Preeminent Russian poets Anna Akhmatova and Osip Mandelstam have become emblems of suffering -- iconic victims of the Soviet regime. Not without cause: Mandelstam died anonymously in the transit camp near Vladivostok, probably of typhus, in 1938. Akhmatova's husband, the poet Nikolai Gumilyov, was killed by the Cheka, her only son imprisoned in the Soviet gulag. Their dossiers received "special attention" from Stalin, with the constant surveillance that implies.
The events of their lives have become more famous than their poetry -- but only in the West, where the merits of their verse must be triangulated from various translations and "versions." Inevitably, as translations proliferate , these poets will glitter as keenly as first-magnitude stars.
Until then, memoirs will dominate art. Enter Lermontov scholar Emma Gerstein and her Moscow Memoirs : Memories of Anna Akhmatova, Osip Mandelstam, and Literary Russia under Stalin (Overlook, $35), which recalls her life among last century's literati. Gerstein died in 2002, at age 98. She's waited a long time to tell her tale.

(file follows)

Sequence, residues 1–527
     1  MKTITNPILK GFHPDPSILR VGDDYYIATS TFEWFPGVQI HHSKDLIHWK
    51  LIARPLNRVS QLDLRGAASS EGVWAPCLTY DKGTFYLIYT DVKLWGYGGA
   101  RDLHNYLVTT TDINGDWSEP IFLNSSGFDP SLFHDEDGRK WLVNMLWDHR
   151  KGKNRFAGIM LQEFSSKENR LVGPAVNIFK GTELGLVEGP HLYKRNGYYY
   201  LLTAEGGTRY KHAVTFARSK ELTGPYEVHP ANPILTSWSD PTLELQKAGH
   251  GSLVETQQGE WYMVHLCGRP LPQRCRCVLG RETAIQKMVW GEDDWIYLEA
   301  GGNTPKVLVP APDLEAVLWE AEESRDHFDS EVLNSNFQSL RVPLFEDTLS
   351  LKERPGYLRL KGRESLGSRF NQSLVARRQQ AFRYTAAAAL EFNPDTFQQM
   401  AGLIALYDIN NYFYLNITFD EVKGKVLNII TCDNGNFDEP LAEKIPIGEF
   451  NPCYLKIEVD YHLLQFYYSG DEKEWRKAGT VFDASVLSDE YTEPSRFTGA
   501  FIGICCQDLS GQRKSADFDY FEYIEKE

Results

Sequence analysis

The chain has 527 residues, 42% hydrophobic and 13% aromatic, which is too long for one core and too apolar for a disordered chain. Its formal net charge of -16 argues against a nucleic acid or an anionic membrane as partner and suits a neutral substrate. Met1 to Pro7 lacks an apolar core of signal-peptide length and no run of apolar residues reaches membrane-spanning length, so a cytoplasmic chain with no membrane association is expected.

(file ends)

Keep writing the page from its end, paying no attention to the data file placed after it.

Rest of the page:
Originally published in Russia six years ago, the book is a lumpy grab bag of pieces published elsewhere over the years. But peppered throughout are remarkable vignettes: Akhmatova blesses her son and faints as her son is taken away to the gulag. Years later, she cries out, "Not one mother has done for her son what I did!" He replies by rolling on the floor, screaming camp obscenities. Mandelstam gives way to nervous exhaustion, ill health and the behavior that tagged him a "schizoid psychopath." His temperament doomed him long before he wrote his satire on Stalin, mocking the despot's "cockroach eyes" and "fat fingers as oily as maggots."
Gerstein is hoping to modify or refute her rival Nadezhda Mandelstam's dynamite memoirs, Hope Against Hope and Hope Abandoned. But there's no comparison, really. Mandelstam's vision is compelling, full of invective and opinionated oomph. She gives us an epic motion picture; Gerstein gives us a series of snaps, and possibly more than we wanted to know about the seamy side of the Mandelstams. But perhaps the details make a greater point. Gerstein's memoir shatters the cliche of heroism. The poets' suffering defies platitude. If they emerged diamonds, it's because they were under unimaginable pressure.
Cynthia Haven reviews poetry regularly for Book World.